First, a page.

Axis Powers Hetalia: You have aliens, mythical creatures visible only to certain countries, and other sorts of weirdness. And yet life goes on as normal for most of the human race.
Love Hina definitely falls into this, as characters using robots, magic, etc. is hardly noticable. Even when Keitaro's ability to withstand severe physical abuse is revealed to be some form of nigh-indestructability, it's not given much more than a shrug; people generally are just mildly impressed by it.
Cromartie High School has, among its student body, a robot, a gorilla, and an extremely buff character who may or may not be Freddie Mercury. The anime even adds things like spaceships flying in the background and a character's mohawk apparently being prehensile.
The Doraemon movies has the main cast encountering dinosaurs, giant robots, aliens, evolved animals, wizards, dragons, merpeople, etc. The whole series, for a start, has a robotic cat from the future as the main character.
The original run of Dragon Ball was this, albeit set in a fantasy universe. Beyond walking, talking Funny Animal|s, magic and shape-shifting was considered usual. Even in Z, this was present (although less obvious).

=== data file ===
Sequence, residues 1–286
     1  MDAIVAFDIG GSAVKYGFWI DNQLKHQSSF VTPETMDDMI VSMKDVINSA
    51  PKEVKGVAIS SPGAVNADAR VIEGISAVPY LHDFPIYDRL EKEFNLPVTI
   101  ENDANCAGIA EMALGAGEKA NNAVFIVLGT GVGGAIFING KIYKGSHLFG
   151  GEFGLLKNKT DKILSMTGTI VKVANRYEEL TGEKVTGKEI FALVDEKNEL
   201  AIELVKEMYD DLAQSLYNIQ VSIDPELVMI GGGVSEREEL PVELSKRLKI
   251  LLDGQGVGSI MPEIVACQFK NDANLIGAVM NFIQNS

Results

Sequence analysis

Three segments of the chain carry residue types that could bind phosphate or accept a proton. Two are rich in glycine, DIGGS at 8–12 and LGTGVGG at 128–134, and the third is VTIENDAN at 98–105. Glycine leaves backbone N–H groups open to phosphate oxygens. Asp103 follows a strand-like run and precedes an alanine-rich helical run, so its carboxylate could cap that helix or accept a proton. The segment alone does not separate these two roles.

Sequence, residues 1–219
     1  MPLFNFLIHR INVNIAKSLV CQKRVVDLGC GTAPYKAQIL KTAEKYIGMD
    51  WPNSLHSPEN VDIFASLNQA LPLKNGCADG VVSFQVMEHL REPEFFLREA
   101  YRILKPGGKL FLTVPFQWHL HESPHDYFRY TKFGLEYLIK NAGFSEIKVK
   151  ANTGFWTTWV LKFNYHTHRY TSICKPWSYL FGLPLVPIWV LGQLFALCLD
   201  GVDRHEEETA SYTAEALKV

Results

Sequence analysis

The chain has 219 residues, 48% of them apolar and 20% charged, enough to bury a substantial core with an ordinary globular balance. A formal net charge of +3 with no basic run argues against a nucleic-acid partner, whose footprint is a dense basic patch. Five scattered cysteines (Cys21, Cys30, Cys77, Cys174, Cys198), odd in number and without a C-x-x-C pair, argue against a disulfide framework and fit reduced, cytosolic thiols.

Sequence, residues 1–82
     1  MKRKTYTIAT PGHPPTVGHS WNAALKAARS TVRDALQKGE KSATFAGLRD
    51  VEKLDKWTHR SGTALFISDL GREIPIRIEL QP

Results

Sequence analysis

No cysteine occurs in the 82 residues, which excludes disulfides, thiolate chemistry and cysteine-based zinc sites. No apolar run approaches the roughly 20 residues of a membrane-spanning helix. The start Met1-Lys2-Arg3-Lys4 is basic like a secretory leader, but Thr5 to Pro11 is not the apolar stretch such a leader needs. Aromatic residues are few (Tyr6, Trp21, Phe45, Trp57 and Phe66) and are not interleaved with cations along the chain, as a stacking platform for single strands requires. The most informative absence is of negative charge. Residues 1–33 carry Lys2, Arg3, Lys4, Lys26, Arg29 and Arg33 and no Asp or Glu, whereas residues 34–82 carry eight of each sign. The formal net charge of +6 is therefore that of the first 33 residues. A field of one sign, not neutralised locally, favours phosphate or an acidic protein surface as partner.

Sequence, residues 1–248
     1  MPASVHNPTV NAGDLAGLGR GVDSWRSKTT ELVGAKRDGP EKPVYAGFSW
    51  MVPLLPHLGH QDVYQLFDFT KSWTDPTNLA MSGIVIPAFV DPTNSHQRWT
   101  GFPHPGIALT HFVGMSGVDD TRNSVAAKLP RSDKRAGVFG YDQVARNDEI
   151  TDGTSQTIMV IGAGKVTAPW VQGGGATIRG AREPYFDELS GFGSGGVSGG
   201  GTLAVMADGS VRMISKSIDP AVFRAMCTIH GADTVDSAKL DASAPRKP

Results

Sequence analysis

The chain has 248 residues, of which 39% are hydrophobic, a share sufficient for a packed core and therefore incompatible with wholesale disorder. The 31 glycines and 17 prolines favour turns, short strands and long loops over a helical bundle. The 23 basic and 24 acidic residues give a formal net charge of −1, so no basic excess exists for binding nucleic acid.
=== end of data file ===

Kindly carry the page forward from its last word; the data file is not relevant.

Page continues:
This was a hold-over from Toriyama's previous series, Dr Slump.
Two words. One Piece. Let's see, humans, mermaids, fishmen, and giants (who are all able to interbreed). A World Government like this one that hasn't already destroyed the world. Circular rainbows, a race of alien angels with weird hair who say "Heso", fruit that lets people stretch like rubber or shoot magma, an unofficial government for pirates, dinosaurs hunted for food... Is it any wonder that the singing skeleton with an afro rarely gets lampshaded anymore?
Scott Pilgrim is a perfect example of this trope at its finest. With little more than a Hand Wave describing the series as a Wicket, the series casually includes epic battle scenes, mystical powers, save points, and ninjas. A good example of how the series treats fantastical elements is that finding out someone is psychic is generally no more surprising than finding out that they're vegannote In the series, there's actually some overlap, as a vegan diet gives you psychic powers.; it's unusual, but in no way fantastic.